For the most part using the parts and pieces that he inherited, Crennel helped put together the best overall defensive season the Chiefs have had in the last five years. They finished No. 14 in yards allowed, giving up 330.2 yards per game. The season before under Clancy Pendergast the defense finished No. 30 and allowed 388.2 yards per game. The year before in ’08 with Gunther Cunningham as defensive coordinator, the defense finished No. 31, allowing 393.2 yards per game. That’s a 63-yard difference from ’08 to ’10.

The defense was No. 14 against the run and No. 17 in passing yards allowed. Both were among the highest rankings in those areas in the last five years for the Chiefs.

On offense, the Chiefs finished No. 12 overall at 349.7 yards per game. They led the league in rushing at 164.2 yards per and finished No. 30 at an average of 185.5 yards. The average yardage per game was the highest since ’05, the rushing yards per game was the highest average for the Chiefs since 1981 when they averaged 164.6 yards per game.

The ’10 offense scored 40 touchdowns, most by that side of the ball since 2005 when they scored 43 TDs.


The bulk of the key contributors on this team were drafted by Peterson/Edwards/Kuharich and that fact can’t be ignored. The leading rusher, leading receiver, leading sacker and leading tackler all arrived before 2009. In all, six starters on defense and six or seven on offense, depending on whether Mike Cox is starting at fullback, were in the building when Pioli/Haley walked in the door.

Same with contributors like DE Wallace Gilberry and OLB Andy Studebaker, who sometimes are mistakenly credited to the new regime. They arrived during the 2008 season.

The cupboard was not bare. Where Haley and his coaching staff deserve credit is getting several players to play the best seasons of their careers – Derrick Johnson, Tamba Hali, Dwayne Bowe, Jamaal Charles and Brandon Carr.

Those four factors combined to create a division champion and an improvement in the victory column of six games. There’s no way I thought that was possible in the 2010 season.

But credit must go where it is deserved, with the players and coaches of the ’10 Chiefs. They were better than anyone could have reasonably expected.

I was wrong.


  • BENGALS – signed head coach Marvin Lewis to a two-year contract extension.
  • BILLS – signed reserve futures contracts with OLB Jammie Kirlew and OT Jason Watkins.
  • BRONCOS – signed reserve futures contracts with RBs Jeremiah Johnson, RB Brandon Minor, WR Eron Riley, DE Mitch Unrein, LB Dominic Douglas and S Nick Polk.
  • BUCCANEERS – signed WR Ed Gant, OL John Malecki, OL Marc Dile, FB Redrick Taylor, DE E.J. Wilson, S Vince Anderson, LB Simoni Lawrence and LB J.D. Folsom.
  • CARDINALS – signed reserve futures contracts with RB Alfonso Smith, WR Isaiah Williams, LB Brandon Sharpe, LB Pago Togafau, DE Jeremy Navarre, OT Cliff Louis and G Tom Pestock.
  • 49ERS – hired Trent Balke as their new general manager; signed reserve futures contracts with RB Xavier Omon, WR Lance Long, WR Kevin Jurovich, K Fabrizio Scaccia and OL Nick Howell.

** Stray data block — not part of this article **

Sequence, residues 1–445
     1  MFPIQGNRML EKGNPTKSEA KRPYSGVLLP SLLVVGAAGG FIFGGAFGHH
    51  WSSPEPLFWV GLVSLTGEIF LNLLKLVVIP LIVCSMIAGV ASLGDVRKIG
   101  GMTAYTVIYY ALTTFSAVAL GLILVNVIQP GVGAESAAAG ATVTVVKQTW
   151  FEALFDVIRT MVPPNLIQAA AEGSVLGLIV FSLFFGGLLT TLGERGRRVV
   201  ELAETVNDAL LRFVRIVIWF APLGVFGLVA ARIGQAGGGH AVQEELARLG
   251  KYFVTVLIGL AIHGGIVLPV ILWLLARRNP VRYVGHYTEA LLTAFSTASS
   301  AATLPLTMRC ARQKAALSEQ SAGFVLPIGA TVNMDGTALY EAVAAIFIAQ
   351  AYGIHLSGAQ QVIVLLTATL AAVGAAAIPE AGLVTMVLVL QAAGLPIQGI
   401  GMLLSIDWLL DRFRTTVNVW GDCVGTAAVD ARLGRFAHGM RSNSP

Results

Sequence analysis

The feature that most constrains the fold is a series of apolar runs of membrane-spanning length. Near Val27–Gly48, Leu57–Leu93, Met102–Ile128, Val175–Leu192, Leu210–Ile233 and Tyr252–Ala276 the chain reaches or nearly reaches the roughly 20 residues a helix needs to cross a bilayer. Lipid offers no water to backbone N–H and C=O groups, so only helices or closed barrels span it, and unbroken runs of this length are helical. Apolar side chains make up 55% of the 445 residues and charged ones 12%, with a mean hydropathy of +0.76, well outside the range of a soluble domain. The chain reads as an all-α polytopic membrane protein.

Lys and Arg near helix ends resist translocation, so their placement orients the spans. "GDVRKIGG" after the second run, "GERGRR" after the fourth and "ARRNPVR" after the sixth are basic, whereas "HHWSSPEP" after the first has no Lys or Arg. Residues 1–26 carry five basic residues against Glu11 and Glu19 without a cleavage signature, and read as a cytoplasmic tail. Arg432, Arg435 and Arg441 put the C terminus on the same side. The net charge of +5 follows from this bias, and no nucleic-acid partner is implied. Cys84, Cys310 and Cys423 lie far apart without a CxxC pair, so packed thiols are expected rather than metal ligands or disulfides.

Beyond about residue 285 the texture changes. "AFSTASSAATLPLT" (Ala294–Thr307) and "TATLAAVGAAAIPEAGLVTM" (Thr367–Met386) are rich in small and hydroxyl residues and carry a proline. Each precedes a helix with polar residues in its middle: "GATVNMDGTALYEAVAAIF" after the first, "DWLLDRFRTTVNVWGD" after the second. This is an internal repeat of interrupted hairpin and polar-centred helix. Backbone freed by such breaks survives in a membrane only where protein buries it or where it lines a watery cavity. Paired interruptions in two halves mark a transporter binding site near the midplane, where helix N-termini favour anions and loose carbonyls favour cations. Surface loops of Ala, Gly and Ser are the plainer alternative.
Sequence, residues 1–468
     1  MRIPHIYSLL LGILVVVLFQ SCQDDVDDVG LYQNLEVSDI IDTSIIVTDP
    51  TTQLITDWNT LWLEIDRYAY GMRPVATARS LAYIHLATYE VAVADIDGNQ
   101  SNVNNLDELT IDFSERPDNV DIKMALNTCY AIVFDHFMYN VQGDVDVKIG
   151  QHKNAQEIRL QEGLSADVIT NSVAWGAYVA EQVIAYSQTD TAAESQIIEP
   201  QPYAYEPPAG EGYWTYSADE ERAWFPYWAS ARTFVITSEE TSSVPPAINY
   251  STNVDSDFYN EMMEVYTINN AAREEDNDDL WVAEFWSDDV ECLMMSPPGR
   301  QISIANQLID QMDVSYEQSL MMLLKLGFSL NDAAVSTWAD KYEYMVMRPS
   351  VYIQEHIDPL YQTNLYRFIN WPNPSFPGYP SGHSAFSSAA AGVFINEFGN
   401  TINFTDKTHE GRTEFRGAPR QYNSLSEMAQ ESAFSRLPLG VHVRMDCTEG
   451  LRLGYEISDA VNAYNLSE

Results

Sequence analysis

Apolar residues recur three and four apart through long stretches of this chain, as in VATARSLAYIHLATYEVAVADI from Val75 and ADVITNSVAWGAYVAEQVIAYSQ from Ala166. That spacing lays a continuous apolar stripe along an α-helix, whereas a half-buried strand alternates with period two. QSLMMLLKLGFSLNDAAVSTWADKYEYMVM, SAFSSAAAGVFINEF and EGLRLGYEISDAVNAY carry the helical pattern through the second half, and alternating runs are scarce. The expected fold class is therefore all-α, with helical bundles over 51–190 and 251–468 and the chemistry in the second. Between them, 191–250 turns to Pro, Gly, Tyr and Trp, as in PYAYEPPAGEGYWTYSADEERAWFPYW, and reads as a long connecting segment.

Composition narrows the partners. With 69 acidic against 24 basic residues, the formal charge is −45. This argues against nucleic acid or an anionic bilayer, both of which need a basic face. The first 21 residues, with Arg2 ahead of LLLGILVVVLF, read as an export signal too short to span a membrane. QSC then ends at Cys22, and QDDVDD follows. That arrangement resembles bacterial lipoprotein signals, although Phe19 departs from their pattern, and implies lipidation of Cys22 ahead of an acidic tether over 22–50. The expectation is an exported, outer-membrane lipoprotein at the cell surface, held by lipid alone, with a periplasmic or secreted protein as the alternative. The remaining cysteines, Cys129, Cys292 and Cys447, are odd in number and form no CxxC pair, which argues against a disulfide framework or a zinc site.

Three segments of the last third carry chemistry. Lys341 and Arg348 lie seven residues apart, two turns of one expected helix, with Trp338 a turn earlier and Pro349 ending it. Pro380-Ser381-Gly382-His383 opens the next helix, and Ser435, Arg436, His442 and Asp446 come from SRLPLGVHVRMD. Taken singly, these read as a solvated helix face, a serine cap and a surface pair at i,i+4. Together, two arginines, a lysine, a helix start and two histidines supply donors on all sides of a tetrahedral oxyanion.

• PACKERS – signed ILB Desmond Bishop to a 4-year, $19 million extension through the 2014 season.
  • PATRIOTS – signed DL Atiyyah Ellison, last with Chiefs for one week; activated ILB Brandon Spikes from the reserve/suspended list.
  • RAIDERS – will not pick up option on 2011 for head coach Tom Cable.
  • RAMS – signed reserve futures contracts with RB Chauncey Washington, WR Joe West, WR Greg Mathews, OL Ryan McKee, OL Drew Miller, DT Jimmy Saddler-McQueen, LB Maurice Simpkins, QB Thaddeus Lewis and CB Marquis Johnson.
  • REDSKINS – signed reserve futures contracts RB Shawnbrey McNeal, WR Taurus Johnson, WR Maurice Price, OT Selvish Capers, OL Xavier Fulton and DT Rashaad Duncan.
  • SAINTS – placed RB Chris Ivory on the injured-reserve list (foot)
  • SEAHAWKS- placed TE Chris Baker (hip. RB Chris Henry (leg) and G Chester Pitts (concussion) on the injured-reserve list.
  • TEXANS – signed reserve futures contracts with WR Paul Williams, RB Chris Ogbonnaya, C Cody Wallace, OT Cole Pemberton and S Antonio Baker.
  • TITANS – signed S Myron Rolle, RB Herb Donaldson, G Ryan Durand, OT Jeff Hansen, DL Pannel Egboh and TE Riar Geer.

18 Responses to “I Was Wrong … Wednesday Cup O’Chiefs”

  • January 5, 2011  - bhive01 says:

    Right there with you Bob. I wish the weak schedule wasn’t true, considering next year we won’t be so lucky to play such weak teams. I guess we’ll just have to get better as a team and beat those top tier teams. I don’t know about you, but I suggest we start doing that this weekend.

  • January 5, 2011  - Tenand6 says:

    Great column! Pioli and Haley also put an emphasis on locker room leadership and that started with Vrabel and Cassle. Thomas Jones, Casey Weigman, Ryan Lilja, the drafting of team captains…there was a plan that put a premium on developing talent here and bringing in talent that was coachable. The Chiefs got more out of their talent because that’s what they do, that’s part of the plan— a very well thought out plan. That helped lead to better off-season conditioning attendance, more film study, etc…

    The Chiefs desperately need more talent going forward if their collective arrows are to continue to point upward. They got the players to buy in, now they just need better players.